For example, on a really hard SC question, the difference between the right and wrong answer is usually just some subtle distinction of meaning (more on that in this article and this video). The same is true on RC and CR: once you're above a 40V, you probably always understand the essence of the passage, but missing or misinterpreting a tiny tweak of language can cause you to miss a few of the tougher questions.

I know: that's not exciting. And there's no real formula for improvement from 40-42V to 45V, other than getting exposure to good, hard questions, and trying to focus more intensely on those differences in meaning. LSATs are a nice tool if you're trying to break through to a super-elite score, but they aren't magical, either.

I hope this helps a bit!
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How to go from great (760) to incredible (780) on GMAT SC | That "-ing" Word Probably Isn't a Verb | That "-ed" Word Might Not Be a Verb, Either | No-BS Guide to GMAT Idioms | "Being" is not the enemy | WTF is "that" doing in my sentence?

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Re: GMAT Ninja SC Expert - Ask Me Anything about GMAT SC and Grammar  [#permalink]

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New post 04 Dec 2018, 09:50
1
gmatman1031 wrote:
I recently worked on a Sentence Correction practice question from the GMAT Official Prep, which essentially said that the following sentence is ungrammatical:

The Coast Guard is conducting tests that see whether pigeons can be trained to help find survivors of wrecks at sea.

When the correct answer is:

The Coast Guard is conducting tests to see whether pigeons can be trained to help find survivors of wrecks at sea.

Why is that see ungrammatical? Is there a grammar rule that I can learn about?

Thanks Charles!

The difference between "that see" and "to see" isn't really grammatical, and there isn't really a rule that you need to learn here. We could shrug and call it an idiom issue (more on idioms here), but we could also argue that there's meaning difference between the two phrases in this context:

    1. "The Coast Guard is conducting tests to see whether pigeons can be trained..." --> In this case, "to" means "in order to", and that makes sense: the Coast Guard is conducting tests in order to see ("see" basically means "learn" or "determine" in this context) whether pigeons can be trained. Fair enough.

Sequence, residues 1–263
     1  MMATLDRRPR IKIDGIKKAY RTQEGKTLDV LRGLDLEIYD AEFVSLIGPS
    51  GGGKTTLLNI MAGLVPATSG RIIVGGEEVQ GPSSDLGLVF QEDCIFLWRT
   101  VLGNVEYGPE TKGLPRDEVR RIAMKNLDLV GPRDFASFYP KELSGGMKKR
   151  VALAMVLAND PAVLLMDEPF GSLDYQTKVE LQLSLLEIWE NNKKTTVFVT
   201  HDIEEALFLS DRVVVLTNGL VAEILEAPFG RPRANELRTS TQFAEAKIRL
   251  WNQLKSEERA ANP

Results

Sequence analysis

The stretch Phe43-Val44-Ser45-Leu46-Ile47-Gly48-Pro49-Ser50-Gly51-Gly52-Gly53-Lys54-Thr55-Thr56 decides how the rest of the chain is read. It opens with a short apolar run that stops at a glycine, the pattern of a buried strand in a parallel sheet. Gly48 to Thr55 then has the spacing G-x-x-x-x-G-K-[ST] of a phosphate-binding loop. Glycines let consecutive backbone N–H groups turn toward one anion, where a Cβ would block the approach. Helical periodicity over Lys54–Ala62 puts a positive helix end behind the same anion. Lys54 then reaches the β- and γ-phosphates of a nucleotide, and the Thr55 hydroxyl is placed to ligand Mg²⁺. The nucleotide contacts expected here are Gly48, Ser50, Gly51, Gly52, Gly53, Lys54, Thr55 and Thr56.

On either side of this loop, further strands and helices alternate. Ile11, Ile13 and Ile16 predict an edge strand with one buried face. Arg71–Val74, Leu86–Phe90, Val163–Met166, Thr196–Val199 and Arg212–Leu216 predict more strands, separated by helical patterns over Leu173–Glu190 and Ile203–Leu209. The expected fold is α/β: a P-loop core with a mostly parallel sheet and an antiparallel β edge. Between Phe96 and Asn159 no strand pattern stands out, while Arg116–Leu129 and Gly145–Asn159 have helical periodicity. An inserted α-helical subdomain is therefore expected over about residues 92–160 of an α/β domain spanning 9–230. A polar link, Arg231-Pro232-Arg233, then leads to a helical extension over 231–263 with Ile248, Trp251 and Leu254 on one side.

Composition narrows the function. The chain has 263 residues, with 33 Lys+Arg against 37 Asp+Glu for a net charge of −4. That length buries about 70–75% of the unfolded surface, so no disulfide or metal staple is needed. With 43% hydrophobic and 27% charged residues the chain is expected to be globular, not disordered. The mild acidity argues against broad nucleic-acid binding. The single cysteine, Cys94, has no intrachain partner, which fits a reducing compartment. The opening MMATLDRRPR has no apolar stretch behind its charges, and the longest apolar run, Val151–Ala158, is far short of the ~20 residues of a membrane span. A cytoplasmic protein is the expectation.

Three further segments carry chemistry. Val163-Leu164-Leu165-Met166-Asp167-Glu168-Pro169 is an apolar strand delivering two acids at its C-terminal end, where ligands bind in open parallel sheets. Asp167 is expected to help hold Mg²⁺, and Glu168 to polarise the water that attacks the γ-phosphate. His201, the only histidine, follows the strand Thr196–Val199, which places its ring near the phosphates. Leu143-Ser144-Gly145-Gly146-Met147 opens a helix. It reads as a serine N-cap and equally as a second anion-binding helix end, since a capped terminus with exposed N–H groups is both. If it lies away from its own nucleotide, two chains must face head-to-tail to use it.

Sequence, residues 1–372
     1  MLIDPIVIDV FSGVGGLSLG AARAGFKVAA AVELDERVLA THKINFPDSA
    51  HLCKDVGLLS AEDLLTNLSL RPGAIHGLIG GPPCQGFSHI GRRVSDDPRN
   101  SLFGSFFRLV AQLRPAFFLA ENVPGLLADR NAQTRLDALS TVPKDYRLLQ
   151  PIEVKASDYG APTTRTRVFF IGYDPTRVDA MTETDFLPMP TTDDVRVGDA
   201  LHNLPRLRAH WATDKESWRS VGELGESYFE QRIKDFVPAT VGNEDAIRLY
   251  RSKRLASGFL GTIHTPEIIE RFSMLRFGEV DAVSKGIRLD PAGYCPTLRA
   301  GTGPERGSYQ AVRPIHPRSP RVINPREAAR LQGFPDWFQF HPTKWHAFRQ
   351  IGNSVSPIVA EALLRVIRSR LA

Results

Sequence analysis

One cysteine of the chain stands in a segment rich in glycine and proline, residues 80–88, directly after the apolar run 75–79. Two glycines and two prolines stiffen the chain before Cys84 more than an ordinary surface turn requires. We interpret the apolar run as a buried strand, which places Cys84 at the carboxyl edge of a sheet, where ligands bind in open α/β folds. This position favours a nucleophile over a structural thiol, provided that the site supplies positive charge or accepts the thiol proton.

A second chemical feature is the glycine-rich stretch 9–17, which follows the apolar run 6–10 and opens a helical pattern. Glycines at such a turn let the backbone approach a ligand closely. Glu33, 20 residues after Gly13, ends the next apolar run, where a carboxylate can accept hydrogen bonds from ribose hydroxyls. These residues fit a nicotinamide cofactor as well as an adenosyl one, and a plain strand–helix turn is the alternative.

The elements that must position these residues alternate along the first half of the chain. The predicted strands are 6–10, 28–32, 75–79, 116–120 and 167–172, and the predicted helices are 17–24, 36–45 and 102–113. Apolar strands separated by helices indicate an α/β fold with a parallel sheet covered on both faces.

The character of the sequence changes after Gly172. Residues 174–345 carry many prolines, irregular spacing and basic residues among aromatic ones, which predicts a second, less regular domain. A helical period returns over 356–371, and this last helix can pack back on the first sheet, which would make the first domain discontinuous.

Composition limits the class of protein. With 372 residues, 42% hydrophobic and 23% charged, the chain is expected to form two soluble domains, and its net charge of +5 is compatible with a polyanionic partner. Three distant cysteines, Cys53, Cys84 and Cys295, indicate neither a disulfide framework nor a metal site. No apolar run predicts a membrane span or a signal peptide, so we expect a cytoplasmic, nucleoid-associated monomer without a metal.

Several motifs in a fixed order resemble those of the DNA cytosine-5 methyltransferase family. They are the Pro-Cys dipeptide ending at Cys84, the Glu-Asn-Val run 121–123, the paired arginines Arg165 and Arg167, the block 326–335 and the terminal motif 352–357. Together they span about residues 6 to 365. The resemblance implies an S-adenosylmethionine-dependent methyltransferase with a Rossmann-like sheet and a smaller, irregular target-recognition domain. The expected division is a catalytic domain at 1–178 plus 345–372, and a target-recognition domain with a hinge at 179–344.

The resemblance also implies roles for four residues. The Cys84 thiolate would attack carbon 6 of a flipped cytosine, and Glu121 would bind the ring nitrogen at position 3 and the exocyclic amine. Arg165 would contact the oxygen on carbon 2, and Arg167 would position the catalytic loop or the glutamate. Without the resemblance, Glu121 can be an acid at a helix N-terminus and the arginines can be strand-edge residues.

2. "The Coast Guard is conducting tests that see whether pigeons can be trained..." --> The phrase "that see whether pigeons can be trained" modifies the noun "tests." Literally, this suggests that the tests themselves see whether pigeons can be trained -- i.e., that the ability to see whether pigeons can be trained is an inherent quality of the tests themselves.

I would argue that version #1 is a little bit better than version #2. I don't think that #2 is WRONG, exactly, but it arguably misses the point, since it's emphasizing that the tests themselves determine whether pigeons can be trained. That's OK, I guess, but the first version makes a little bit more sense, because it clarifies that the Coast Guard conducts the tests in order to accomplish its goal. And that seems a little bit more reasonable.

But notice that you never have to choose ONLY between "to see" and "that see"! There are all sorts of other issues going on in the answer choices. So even if you don't think that the phrase "that see" is wrong in this context, you can still get to the right answer by examining other factors. The full question is below (or here) for anybody who wants to take a look.

Quote:
The Coast Guard is conducting tests to see whether pigeons can be trained to help find survivors of wrecks at sea.

(A) to see whether pigeons can be trained to help find
(B) to see whether pigeons can be trained as help to find
(C) to see if pigeons can be trained for helping to find
(D) that see if pigeons are able to be trained in helping to find
(E) that see whether pigeons are able to be trained for help in finding

I hope this helps!